An exercise in Haskell from First Principles says to implement filter using foldr and this is what I came up with but it feels and looks clunky. Is there a more natural way to implement it with a foldr?

import Data.Bool
myFilter :: (a -> Bool) -> [a] -> [a]
myFilter f = foldr (\x -> bool (++ []) ((:) x) (f x)) []
  • 9
    (++[]) is just id. – Willem Van Onsem Nov 7 '18 at 20:14
  • 3
    I'm not sure anyone would find ((:) x) less clunky than (x :). – chepner Nov 7 '18 at 20:20
  • @chepner I changed that one a few seconds ago lol. – Brady Dean Nov 7 '18 at 20:21
  • 1
    @chepner what do you mean? (⊢ never (is clunky (notation 'prefix))) – leftaroundabout Nov 7 '18 at 20:24

I would only use bool if it let me get rid of the lambda expression simply, by composing a call to bool with the predicate p: bool iffalse iftrue . p. However, p isn't the only function that needs to be called on a list element; (:) does as well. You could use the Applicative instance for functions, to write

myfilter p = foldr (bool id . (:) <*> p) []  -- yuck

but in this case I would just use a plain if expression, inside the lambda expression:

myfilter p = foldr (\x -> if p x then (x:) else id) []  -- much clearer!

Note that when specialized to functions, the Applicative's (<*>) operator is defined as f <*> g = \x -> f x (g x). I leave it as an exercise to use that definition to transform bool id . (:) <*> p into \x -> bool id (x:) (p x).

  • 2
    That applicative code is indeed quite obfuscated. I also greatly prefer the plain code below. – chi Nov 7 '18 at 21:32

You can use the Applicative instance of (->) a to make the lambda cleaner. But, if you want to use foldr, I don't think there's any substantial change you can effect:

myFilter f = foldr (bool id <$> (:) <*> f) []

bool id <$> (:) <*> f means \x -> bool id ((:) x) (f x). bool id has type ([a] -> [a]) -> Bool -> ([a] -> [a]). (:) has type a -> [a] -> [a], and f has type a -> Bool. When (<$>) and (<*>) are used in this way, you can think of it as pretending that (:) and f don't have an a argument, making them [a] -> [a] and Bool, respectively, applying them to bool id to get a [a] -> [a], and then ending the lie by reintroducing the a argument, making a a -> [a] -> [a]. The operators are in charge of threading that a around, so you don't need a lambda abstraction.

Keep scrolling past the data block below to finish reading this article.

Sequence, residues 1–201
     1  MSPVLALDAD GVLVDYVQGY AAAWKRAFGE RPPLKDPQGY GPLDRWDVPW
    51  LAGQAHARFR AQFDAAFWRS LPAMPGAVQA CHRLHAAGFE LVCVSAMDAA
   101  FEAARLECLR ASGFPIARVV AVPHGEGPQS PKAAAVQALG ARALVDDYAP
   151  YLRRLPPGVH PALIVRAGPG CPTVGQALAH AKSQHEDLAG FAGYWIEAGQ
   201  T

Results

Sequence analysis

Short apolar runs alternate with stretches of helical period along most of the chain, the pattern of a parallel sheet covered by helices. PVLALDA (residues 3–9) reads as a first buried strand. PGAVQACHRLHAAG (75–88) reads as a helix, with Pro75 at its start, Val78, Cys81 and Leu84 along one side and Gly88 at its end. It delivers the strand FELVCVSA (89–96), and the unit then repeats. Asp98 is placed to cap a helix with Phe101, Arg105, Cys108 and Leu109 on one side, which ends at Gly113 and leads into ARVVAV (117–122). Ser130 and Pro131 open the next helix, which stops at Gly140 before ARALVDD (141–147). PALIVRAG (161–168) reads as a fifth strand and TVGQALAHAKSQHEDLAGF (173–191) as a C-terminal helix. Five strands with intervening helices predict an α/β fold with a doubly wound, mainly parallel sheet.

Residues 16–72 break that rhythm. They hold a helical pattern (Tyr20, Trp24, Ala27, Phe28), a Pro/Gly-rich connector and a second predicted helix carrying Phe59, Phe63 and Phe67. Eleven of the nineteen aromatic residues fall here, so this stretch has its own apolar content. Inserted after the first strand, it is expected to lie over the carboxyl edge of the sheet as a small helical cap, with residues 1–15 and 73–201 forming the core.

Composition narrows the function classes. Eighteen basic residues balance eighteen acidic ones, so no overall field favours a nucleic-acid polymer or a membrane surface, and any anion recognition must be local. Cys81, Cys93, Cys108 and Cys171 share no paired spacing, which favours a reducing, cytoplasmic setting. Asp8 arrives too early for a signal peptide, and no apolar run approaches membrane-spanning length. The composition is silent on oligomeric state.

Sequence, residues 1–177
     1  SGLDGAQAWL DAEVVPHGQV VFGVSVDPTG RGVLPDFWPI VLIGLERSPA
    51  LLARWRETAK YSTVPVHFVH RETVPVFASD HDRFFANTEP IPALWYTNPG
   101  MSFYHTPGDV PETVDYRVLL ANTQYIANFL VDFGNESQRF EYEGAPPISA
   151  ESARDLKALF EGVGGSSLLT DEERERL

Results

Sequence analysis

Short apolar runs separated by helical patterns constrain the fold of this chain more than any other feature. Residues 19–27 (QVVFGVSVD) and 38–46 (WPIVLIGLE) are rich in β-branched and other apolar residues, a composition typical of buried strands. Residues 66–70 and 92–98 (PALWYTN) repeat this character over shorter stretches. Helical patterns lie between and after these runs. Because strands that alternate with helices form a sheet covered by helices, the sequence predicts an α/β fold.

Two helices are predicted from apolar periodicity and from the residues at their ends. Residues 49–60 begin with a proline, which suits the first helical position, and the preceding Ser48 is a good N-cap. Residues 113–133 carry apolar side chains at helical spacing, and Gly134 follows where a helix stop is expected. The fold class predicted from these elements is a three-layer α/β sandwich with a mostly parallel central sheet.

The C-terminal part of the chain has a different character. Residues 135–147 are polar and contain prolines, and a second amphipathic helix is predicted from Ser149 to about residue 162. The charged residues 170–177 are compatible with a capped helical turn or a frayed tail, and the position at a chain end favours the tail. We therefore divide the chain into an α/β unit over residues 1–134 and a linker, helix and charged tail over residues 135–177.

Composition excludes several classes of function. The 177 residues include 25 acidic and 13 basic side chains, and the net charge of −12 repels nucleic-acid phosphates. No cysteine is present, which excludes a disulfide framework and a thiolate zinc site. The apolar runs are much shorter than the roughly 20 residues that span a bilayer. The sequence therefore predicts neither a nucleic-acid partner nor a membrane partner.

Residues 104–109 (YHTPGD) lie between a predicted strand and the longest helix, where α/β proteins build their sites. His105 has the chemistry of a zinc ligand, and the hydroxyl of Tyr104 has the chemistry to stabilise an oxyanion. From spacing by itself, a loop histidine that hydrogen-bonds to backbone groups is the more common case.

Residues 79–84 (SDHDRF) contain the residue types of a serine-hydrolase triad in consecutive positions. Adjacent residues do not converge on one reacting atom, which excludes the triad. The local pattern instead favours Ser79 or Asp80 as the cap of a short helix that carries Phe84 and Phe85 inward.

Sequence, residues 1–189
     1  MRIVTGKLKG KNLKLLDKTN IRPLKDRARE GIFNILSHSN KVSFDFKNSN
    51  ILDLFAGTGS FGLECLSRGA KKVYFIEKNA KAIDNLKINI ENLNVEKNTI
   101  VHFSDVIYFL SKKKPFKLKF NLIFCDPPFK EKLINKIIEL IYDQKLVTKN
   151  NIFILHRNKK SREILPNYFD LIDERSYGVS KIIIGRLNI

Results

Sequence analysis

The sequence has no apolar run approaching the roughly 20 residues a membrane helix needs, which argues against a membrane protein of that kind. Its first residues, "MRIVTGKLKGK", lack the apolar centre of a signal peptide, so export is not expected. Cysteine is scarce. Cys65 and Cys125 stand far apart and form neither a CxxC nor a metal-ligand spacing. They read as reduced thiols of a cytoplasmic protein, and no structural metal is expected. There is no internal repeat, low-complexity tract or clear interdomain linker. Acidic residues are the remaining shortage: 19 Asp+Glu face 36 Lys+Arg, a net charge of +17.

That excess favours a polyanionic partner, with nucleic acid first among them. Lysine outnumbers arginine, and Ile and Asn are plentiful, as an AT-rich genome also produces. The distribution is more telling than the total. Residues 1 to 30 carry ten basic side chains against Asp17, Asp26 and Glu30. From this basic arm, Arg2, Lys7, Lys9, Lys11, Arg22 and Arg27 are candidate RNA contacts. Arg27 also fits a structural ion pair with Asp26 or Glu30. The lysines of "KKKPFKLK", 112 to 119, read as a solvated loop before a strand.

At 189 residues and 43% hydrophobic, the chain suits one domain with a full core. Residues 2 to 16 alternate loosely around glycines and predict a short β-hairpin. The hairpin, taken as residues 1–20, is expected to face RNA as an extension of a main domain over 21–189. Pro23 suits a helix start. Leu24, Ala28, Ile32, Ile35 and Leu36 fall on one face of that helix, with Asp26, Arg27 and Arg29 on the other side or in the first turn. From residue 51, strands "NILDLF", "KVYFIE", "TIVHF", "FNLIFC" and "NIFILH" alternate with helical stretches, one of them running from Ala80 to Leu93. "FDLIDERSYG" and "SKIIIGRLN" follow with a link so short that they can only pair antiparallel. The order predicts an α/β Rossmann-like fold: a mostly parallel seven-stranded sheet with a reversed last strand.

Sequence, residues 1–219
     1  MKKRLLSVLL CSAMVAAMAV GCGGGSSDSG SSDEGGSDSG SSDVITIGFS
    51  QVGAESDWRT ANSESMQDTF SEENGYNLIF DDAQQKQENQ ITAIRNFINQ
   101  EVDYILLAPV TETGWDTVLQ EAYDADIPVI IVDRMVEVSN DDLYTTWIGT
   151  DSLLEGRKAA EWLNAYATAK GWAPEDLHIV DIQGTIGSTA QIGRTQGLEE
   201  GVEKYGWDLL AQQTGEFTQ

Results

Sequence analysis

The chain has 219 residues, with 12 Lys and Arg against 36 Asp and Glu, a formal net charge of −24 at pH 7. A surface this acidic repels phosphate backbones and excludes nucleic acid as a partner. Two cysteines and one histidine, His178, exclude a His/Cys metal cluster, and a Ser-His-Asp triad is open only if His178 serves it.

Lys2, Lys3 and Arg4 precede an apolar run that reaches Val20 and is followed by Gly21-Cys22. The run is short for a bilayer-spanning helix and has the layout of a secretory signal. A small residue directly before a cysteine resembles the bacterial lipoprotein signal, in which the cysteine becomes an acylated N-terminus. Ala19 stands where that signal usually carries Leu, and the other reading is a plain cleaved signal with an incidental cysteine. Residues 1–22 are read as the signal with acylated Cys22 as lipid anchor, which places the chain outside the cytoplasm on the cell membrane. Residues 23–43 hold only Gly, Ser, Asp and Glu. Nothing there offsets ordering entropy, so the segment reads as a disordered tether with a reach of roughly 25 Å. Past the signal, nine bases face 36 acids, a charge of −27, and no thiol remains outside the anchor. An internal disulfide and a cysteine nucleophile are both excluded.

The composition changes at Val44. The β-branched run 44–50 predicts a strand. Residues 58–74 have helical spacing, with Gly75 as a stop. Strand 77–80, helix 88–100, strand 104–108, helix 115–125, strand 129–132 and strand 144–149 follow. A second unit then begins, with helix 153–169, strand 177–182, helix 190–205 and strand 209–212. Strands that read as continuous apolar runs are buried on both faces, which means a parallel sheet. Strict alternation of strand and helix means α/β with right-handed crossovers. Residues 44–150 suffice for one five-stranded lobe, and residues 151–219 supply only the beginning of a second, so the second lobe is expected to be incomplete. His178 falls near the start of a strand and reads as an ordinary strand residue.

• I'm not familiar with Applicative yet but thanks for the answer. – Brady Dean Nov 7 '18 at 20:52

Rather than merely searching for a more elegant implementation, it would might help you more to learn an elegant process of searching for an implementation. This should make it simpler to find elegant solutions.

For any function h on lists we have that,

h = foldr f e 

if and only if

h [] = e
h (x:xs) = f x (h xs)

In this case your h is filter p for some boolean function p that selects which elements to keep. Implementing filter p as a "simple" recursive function is not too hard.

filter p [] = []
filter p (x:xs) = if p x then x : (filter p xs) else (filter p xs)

The 1st line implies e = []. The 2nd line needs to be written in the form f x (filter p xs) to match the equation of h above, in order for us to deduce which f to plug in the foldr. To do that we just abstract over those two expressions.

filter p [] = []
filter p (x:xs) = (\x ys -> if p x then x : ys else ys) x (filter p xs)

So we have found that,

e = [] 
f x ys = if p x then x: ys else ys

It therefore follows,

filter p = foldr (\y ys -> if p y then y : ys else ys) []

To learn more about this method of working with foldr I recommend reading "A tutorial on the universality and expressiveness of fold" by Graham Hutton.

Some added notes:

In case this seems overly complicated, note that while the principles above can be used in this "semi rigorous" fashion via algebraic manipulation, they can and should also be used to guide your intuition and aid you in informal development.

The equation for h (x:xs) = f x (h xs) sheds some clarity on how to find f. In the case where h is the filtering function you want an f which combines the element x with a tail that has already been filtered. If you really understand this it should be easy to arrive at,

f x ys = if p x then x : ys else ys
  • I also sensed some Richard Bird in there, esp. at the start, from his "theory of lists"... :) is it so? – Will Ness Nov 8 '18 at 17:24
  • Possibly, since my very first book on Haskell was his classic "Introduction to Functional Programming using Haskell", but never read that particular paper to be honest. – Jorge Adriano Nov 8 '18 at 17:52

Yes, there is:

myFilter :: (a -> Bool) -> [a] -> [a]
myFilter f = foldMap (\x -> [x | f x])

> myFilter even [1..10]

See, I switched it on you, with foldMap.

Well, with foldr it is foldr (\x -> ([x | f x] ++)) [].

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